On writing professional books

February 22, 2024
4 min read

The 2020 pandemic with all its various torments caught me in the process of advancing steadily towards my second book, which already had a (working) title: Branding Burnout™. Long story short, the purgatory that followed resulted in my aborting the book – which remained in bits and pieces probably never to see the light of print.

However, while working on the Brandient’s new website I have stumbled upon many excerpts that are surprisingly relevant today, and take this opportunity to share some ideas and opinions around the topic of the (neo-)branding practice. 

I am a true believer in the power of books, and I do believe that any top professional must humbly contribute to the universal knowledge creation, and help the young padawans to understand, to practice, to get in love with a certain practice. 

To be honest, I am also fully aware about the vanity of “I have something to say”, but also about the new dynamic of books writing, more specifically — the pressure to deliver the book in a very short period of time, in order to avoid a problem of relevance and obsolescence! And I also know that when it comes to ego, the "why writing a professional book?" question doesn't get a too motivational answer, as what it counts these days is rather to say something cool, to leave a momentary mark, to get your two minutes of glory or maybe to start a Substack author career and get some money and have some fun in the process - all of the above being easier and more satisfactory than writing and launching a book. 

The internet has an infimum capability to teach a young professional in any field, including branding, and eventually could even erode the process of short memory transformation into long term memory which helps humans to progress. The fact that we have no time to connect the information we've got from the internet with our real personal experiences would eventually affect our originality, our personality, our mental and emotional power. 

Writing a professional book becomes a cruel challenge over these days — let’s be honest with ourselves: what kind of 'absolute' truths are really upheld over these days? There is no time to analyze, to make a satisfactory judgment of what is going on. We are used to take as professional knowledge reference either ‘ready to eat’, eventually AI generated answers, or journalistic popular tops, or even urban legends, and then, we are irritated and surprised why so much poor knowledge is on the shelves, so many clichés, stereotypes, fake news, and so on. When you consider the internet search engines your main source of learning, you are in big trouble: because the AI-generated-knowledge can offer unverified, problematic or wrong answers - mostly as result of its sources of generating this knowledge (public paid advertising, public LinkedIn articles, public promos and so on).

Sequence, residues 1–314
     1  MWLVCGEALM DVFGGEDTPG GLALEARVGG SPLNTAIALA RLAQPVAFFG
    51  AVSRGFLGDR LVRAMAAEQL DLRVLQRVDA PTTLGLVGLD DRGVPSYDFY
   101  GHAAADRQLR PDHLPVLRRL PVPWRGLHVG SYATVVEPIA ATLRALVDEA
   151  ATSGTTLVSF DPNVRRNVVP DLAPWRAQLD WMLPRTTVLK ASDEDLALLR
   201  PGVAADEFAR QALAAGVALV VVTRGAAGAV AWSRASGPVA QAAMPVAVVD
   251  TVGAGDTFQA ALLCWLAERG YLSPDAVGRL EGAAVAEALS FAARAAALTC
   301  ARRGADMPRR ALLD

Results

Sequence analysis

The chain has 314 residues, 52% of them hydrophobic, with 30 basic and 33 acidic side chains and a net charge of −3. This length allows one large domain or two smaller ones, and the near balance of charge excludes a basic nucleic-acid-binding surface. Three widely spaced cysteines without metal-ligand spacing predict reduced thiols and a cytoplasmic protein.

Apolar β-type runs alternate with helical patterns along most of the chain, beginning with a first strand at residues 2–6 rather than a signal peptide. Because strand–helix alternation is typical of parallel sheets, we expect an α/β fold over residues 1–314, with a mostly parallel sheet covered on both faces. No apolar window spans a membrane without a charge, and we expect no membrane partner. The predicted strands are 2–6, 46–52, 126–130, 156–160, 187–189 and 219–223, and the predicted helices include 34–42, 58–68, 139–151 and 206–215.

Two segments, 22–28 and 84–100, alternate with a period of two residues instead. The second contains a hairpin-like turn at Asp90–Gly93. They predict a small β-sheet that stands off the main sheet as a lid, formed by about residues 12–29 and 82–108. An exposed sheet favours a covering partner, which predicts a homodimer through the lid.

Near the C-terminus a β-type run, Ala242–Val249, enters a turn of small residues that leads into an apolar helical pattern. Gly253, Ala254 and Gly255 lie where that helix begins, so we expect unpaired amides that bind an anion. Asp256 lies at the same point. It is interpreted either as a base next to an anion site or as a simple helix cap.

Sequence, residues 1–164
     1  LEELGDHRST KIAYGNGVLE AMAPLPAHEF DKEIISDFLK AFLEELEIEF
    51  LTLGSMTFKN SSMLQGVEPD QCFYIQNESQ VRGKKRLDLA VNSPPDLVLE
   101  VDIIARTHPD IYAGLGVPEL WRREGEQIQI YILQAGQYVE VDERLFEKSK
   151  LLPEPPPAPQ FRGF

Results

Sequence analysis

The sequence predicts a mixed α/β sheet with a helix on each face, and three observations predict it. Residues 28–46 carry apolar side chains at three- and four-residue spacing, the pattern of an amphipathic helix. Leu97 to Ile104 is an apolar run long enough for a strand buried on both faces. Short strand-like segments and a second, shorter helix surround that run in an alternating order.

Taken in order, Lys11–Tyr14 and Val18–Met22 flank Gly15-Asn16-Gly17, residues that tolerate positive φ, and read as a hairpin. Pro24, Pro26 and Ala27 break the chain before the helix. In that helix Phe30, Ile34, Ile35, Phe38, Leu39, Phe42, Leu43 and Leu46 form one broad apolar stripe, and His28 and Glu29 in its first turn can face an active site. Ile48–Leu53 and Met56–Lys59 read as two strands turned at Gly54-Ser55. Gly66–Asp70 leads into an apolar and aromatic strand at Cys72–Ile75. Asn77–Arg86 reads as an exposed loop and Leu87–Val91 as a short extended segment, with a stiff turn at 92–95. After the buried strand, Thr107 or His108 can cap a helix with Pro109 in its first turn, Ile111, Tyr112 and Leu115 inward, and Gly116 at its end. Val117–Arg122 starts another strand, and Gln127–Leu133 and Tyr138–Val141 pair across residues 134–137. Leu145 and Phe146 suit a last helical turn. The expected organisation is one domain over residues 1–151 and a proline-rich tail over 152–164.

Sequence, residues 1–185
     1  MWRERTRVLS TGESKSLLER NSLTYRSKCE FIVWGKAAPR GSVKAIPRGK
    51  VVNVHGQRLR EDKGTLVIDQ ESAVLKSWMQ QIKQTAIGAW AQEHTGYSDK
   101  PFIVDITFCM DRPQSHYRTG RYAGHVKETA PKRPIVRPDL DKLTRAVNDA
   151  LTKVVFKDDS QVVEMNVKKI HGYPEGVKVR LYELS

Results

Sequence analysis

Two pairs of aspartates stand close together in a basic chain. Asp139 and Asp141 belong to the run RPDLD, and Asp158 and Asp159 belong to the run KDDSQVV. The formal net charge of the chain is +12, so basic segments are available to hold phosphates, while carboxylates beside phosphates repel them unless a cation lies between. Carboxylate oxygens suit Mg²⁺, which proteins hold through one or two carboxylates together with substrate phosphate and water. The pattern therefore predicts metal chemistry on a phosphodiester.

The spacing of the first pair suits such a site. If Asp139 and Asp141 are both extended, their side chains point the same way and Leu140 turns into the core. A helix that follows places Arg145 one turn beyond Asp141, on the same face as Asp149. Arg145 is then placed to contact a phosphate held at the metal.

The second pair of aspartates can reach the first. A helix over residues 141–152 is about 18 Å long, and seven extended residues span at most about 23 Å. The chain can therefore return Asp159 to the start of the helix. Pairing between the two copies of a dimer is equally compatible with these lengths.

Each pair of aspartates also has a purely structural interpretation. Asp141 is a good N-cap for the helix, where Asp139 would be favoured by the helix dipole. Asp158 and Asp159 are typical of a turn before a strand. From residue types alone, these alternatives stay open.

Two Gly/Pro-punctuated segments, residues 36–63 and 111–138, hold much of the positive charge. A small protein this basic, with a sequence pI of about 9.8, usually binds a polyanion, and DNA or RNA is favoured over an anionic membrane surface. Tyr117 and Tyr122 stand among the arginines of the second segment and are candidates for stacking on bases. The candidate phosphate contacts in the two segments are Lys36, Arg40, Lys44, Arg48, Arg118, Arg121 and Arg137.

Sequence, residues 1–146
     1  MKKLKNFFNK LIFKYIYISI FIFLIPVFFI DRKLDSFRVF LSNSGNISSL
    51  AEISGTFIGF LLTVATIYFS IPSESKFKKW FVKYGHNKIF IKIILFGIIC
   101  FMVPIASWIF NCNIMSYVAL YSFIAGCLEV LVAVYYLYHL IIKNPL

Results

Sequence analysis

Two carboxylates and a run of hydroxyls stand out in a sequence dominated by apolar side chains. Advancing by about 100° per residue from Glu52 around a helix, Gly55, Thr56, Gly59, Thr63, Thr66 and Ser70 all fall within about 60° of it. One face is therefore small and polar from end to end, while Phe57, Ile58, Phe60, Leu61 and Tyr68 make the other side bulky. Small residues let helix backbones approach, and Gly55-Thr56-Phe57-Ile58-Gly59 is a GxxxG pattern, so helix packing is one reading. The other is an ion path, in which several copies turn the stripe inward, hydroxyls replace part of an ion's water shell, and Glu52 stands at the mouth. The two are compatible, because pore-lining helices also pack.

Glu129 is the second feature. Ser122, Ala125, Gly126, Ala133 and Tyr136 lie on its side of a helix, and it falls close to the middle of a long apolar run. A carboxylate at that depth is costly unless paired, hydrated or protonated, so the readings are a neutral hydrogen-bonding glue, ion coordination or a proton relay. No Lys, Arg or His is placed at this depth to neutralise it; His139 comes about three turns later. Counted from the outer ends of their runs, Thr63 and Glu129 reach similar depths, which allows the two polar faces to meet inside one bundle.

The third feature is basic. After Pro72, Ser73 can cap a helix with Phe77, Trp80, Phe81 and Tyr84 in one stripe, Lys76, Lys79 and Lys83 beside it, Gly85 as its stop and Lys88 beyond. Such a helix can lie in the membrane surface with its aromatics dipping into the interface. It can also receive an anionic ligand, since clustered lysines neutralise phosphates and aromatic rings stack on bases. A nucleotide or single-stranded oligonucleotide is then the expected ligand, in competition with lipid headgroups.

Not at all funny, but the almost generalized lack of authority and the reign of superficiality put professionals who want to write books about their real experiences in a very awkward situation: they can’t anymore spend 5 years to research, analyze, summarize, measure, conclude and extract relevant valuable ideas from their practice; they have to hurry and deliver what they feel and they can, since under these effervescent times, what is relevant today could be(come) obsolete tomorrow. The great Wally Olins told me once that he used to re-write the draft of his books many times over, over one or two years, until he did reach the best, the perfect, the purest conceptual and stylistic standard he wanted. No wonder he’s still relevant after years — but I’m afraid, gone are those times! The state of daily emergencies affects us in a way that we can’t go deeper into the search for the true essence, relevant findings and provide glorious solutions.

The 10,000 hours of intensive practice (including thinking!) in order to earn the title of expert/professional (a rule of thumb popularized by Malcolm Gladwell), this is what we are missing over these times! For example, are you aware that the conceptualization and writing of a solid branding strategy consultancy report is taking 4 weeks or more? (Which by the way, it is less and less acceptable by business clients in their acute need for an immediate quick fix solution). Therefore, a hand from an AI assistant could help, couldn't it? Well, yes, actually it could help a senior professional (10,000 hours?) who is able to instruct the AI, based on its tacit accumulated knowledge, but not a junior professional.

I feel how professional books are more and more under the brutal attack of this ’transformative everything’ and 'neo-experimental everything' and 'quick fix everything', under the growing culture of impatience and convenience (books are named over these days “5 easy steps to ...”, “10 quick lesson about ...>” etc.), and I can't blame the internet for that. The Internet is just responsible to the sometimes-irresponsible business of the Internet. Far from preaching the end of the Gutenberg era, I actually feel a glimpse of hope when comparing my 5 year-old thoughts with the actual state of the quick-fixes instantly available today. Books must be protected and promoted by people who are capable to understand their value to the progress of humanity.

Aneta Bogdan MBA FCIM Managing Partner Brandient

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Tagged: books · Branding Burnout™ · excerpt

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